It was not until I was on the road to Boromo this week that I made the connection. This land of Burkina Faso that God has called us to is, this land that seemed so familiar to me as I sped through the many villages and towns, this land IS Upper Volta the land God laid on my heart so many years ago. Somewhere during the ensuing years, the name was changed but all else is as it was. The pastors Loren is teaching, the women I am instructing, the children who bring such delight to our hearts, they are the fruit of the ministry of the missionaries of a generation passed, missionaries I had prayed for and supported so many years ago.

I told Marcel of this and at each of the churches we have visited he tells the story. I watch the older men and women as their eyes light up in recognition at the missionaries names, a broad smile spreading across their faces. I pray they understand, as I have come to see, God is awesome and mighty, merciful and kind, uniting us in the cross of Jesus, connecting us in ways we cannot fathom. As I pen this, (yes, literally, for time is precious while we are here in Burkina and no laptop is handy as I have some down time out “in the bush”) I am sitting in the midst of a congregation of people beloved of the Lord. They have come, pastors, leaders, elders and their wives to worship, to listen, to take in and to grow in the things of God. I am listening to my son teach what the Bible says about marriage, about family, about what honors God. Soon I will stand where he stands and I will speak and share with the women from God’s word, from my life, from my heart. I will encourage them to pray, for their husbands, for their children for their families. I will do this with absolute conviction as I stand before them, for I KNOW God is with them. I cannot express to you the joy that fills my heart; I know God is good; I just cannot believe he is SO good!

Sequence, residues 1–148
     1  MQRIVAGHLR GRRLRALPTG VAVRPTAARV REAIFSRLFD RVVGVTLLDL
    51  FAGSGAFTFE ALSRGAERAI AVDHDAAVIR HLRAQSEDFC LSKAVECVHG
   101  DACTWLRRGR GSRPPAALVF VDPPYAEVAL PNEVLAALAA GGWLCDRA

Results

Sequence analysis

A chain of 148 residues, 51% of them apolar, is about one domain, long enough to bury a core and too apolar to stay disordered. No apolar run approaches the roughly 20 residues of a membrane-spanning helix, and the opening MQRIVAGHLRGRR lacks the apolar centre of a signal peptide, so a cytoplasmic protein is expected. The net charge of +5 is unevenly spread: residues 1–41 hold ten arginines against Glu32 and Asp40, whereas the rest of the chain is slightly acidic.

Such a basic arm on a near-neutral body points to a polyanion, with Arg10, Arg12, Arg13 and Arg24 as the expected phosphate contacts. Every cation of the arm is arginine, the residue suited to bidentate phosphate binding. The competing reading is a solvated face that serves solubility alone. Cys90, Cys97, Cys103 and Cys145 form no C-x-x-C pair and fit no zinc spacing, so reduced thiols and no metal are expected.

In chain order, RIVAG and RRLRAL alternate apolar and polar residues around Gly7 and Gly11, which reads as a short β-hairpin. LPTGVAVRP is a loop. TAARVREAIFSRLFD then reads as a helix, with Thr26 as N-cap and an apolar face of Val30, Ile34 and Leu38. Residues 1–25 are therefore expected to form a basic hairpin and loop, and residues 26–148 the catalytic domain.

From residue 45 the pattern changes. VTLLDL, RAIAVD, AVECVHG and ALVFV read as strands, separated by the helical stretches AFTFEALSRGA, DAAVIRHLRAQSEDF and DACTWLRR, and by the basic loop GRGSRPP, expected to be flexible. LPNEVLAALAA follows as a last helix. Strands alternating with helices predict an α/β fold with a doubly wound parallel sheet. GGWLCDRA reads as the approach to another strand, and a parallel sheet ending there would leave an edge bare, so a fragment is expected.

I sit in churches where you, the generous people of TFAB have given, that there might be a roof over the heads of all who gather. Today we gave Bibles to the people, food for their soul; but we also gave corn and rice, food for their bellies, as famine is coming upon the land due to no rain and a failed harvest. I am told the people of TFAB are the very first in all the world to respond to this great need.

The people have asked that we say thank you, thank you so much. Thank you for praying, for giving, for sending those who teach them well in the way of God.

When I was I Hawaii last month, I sat on the couch reflecting upon our visit there, thinking how much I had enjoyed it and how sad I was to see it coming to an end. I contrasted that with my then upcoming trip to Burkina Faso of which I was so fearful. I thought of how glad I would be to see THAT trip come to an end, but as quickly as the thought came, the Lord spoke to my heart and told me leaving Africa would NOT bring much gladness but would, in fact, fill me with great sorrow; in departing I would be leaving a part of my heart with the people of Burkina Faso.

God’s word is true. I am already sad to think of leaving these people. Their language may be foreign but their hearts speak a language no tongue can tell. It is the language of the cross, which unites us in the blood of Jesus Christ.